As I prepared for my annual Christmas visit to my hometown in Newfoundland I began to think about change. It has been almost twenty-five years since I lived in Placentia and every time I visit I am struck by a few recurring thoughts. On the one hand the general feel and look of the place has remained fundamentally the same over the years. The terrain, winds, tides, clouds, and light which so dominate the local atmosphere do change, but the change is transitional and continuous. Tides rise and fall each day, the winds shift in direction and intensity, sun, rain and snow cycle with the days and seasons. Yet even here there has been a subtle shift. A sense that the climate is changing. Violent late summer hurricanes and tropical storms have become almost annual events and the weather patterns of my youth have shifted, the sea has warmed.
On another level the iconic social fixtures of my youth have undergone an even greater shift. The institutions and architecture which once seemed so permanent have disappeared. Replaced by new structures which I’m sure would be quite jarring to the less frequent visitor. The schools, hospital and town hall demolished and replaced with new modern structures. The towns iconic harbour entrance lift bridge, so associated with the town that it became featured on the municipal coat-of-arms in the 1980s, now sits, sadly rusted, and in an almost shocking state of decay as its successor rises next to it.
On a socio-economic level the area has also seen profound change in the past thirty years. In the 80’s the town enjoyed a relatively comfortable prosperity via heavy industry (the nearby phosphorus processing plant), the traditional cod fishery and the Cold War (via the U.S. Naval Station at Argentia).
In rapid succession beginning at the end of the 80’s all this changed. The global shift away from phosphate based detergents resulted in the closure of the phosphorous plant. At around the same time the Berlin Wall came down and the Cold War ended. As part of the peace dividend the United States began closing military facilities around the world, one of which was at Argentia. In between, the historic Newfoundland cod fishery was closed and the fishing industry virtually shut down overnight. These events threw the community into an economic crisis for the rest of the decade. If it wasn’t for the service industry, and a cohort of workers who had reached pensionable age by the time of the closure, the community would have surely become a ghost town.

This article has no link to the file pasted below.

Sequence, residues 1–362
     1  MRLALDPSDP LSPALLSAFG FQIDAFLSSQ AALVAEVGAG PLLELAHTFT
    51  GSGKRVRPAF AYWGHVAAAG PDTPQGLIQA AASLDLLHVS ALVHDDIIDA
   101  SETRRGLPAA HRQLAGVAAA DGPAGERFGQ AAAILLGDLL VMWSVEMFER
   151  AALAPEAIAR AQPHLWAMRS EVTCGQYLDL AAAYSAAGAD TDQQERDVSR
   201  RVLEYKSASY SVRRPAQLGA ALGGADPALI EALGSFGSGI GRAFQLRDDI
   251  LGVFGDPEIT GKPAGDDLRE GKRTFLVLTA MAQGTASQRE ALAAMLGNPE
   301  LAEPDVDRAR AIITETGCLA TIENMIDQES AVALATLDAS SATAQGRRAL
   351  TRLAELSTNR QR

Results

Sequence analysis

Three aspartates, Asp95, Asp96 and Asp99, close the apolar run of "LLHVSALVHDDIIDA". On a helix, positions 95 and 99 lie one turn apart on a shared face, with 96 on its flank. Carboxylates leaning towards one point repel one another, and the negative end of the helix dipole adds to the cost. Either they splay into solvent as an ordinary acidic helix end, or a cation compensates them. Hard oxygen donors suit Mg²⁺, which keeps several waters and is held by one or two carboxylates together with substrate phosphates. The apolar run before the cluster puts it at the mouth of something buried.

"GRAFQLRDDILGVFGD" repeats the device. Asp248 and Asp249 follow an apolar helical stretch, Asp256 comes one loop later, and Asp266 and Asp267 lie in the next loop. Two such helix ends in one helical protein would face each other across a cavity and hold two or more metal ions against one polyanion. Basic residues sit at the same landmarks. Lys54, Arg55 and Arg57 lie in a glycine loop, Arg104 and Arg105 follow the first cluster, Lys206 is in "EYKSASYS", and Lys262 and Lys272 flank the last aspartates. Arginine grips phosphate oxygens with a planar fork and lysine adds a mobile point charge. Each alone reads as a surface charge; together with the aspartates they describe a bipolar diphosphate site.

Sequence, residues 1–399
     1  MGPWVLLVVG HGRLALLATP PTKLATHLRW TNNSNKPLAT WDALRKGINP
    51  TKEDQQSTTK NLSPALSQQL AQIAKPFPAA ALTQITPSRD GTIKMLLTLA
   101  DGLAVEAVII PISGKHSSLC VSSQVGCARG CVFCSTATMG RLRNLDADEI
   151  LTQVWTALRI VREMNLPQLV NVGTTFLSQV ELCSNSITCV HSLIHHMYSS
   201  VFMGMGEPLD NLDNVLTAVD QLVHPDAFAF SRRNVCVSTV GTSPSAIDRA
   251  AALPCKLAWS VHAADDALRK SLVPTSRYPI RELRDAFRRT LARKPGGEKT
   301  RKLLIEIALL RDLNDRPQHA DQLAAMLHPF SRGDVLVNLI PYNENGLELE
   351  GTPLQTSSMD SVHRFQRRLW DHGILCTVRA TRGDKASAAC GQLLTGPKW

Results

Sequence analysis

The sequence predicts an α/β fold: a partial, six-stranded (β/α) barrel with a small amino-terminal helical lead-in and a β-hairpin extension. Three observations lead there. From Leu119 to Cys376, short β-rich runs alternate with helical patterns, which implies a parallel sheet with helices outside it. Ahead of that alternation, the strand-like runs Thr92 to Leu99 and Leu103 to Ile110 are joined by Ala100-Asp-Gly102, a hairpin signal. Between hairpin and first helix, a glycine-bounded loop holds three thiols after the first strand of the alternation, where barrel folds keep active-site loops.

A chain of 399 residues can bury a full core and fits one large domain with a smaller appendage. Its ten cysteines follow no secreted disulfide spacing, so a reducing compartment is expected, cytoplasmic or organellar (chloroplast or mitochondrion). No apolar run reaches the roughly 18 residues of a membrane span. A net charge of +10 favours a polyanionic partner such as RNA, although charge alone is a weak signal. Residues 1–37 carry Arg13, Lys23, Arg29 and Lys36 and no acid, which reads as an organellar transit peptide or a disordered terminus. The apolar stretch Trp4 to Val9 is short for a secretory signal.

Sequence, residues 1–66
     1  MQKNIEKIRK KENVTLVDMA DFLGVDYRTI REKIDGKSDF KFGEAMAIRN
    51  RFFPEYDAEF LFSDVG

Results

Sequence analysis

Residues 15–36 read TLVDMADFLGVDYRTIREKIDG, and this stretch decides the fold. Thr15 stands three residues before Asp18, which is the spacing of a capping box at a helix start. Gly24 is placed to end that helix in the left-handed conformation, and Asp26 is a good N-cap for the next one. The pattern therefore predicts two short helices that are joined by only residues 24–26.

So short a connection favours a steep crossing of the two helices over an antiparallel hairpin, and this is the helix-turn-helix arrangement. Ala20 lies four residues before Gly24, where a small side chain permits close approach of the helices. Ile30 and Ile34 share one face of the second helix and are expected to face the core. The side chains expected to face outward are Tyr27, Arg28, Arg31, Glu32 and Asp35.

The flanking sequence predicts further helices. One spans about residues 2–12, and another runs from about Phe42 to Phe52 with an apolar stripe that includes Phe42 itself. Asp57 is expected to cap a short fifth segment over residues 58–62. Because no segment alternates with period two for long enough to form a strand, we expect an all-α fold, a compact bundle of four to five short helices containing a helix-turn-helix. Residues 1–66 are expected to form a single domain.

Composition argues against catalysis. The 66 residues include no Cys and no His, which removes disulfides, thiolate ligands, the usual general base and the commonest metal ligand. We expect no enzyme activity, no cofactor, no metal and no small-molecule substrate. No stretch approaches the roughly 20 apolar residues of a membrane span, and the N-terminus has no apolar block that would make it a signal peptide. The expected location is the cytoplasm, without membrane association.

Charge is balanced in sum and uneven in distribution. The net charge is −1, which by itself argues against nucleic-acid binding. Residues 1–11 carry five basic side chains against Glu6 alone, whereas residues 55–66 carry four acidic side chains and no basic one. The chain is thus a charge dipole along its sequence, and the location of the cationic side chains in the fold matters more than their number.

Then things turned again. The global commodities boom lead to the construction of a new state-of-the-art nickel processing facility on the site of the former phosphorous plant. Newfoundland became “cool” and tourism boomed, the fishery shifted focus to high value crab and shrimp and the oil industry promised new construction projects on the site of the former navel base.. Prosperity returned for about a decade and much change came with it. Then the tide went out again.The global economy cooled and the price of minerals and oil with it. Promised new projects were put on hold, the massive construction projects previously started wound down. Yet the renewed prosperity still lingers. This isn’t (yet) a replay of the 90’s.
All this was on my mind as I contemplated a new photography project. The sense of wanting to connect the past and present led me to the decision to pull out my Leica R8 and order some rolls of Ilford HP5 black and white film. This would be primarily an analog project, a quest to find fragments of memory and the past in the present day while looking at the present for what it is.
I arrived just after Christmas Day when the new winter had just begun. This is always a time of transitional and unpredictable weather in Newfoundland. One day may bring bright sun with the deepest blue sky then the next day rain or even 20 cm of snow. The winds blow almost constantly, pounding one with frozen sea spray or wet, sloppy snow flakes. Photography is always a challenge at this time of year yet I try to get out there each day.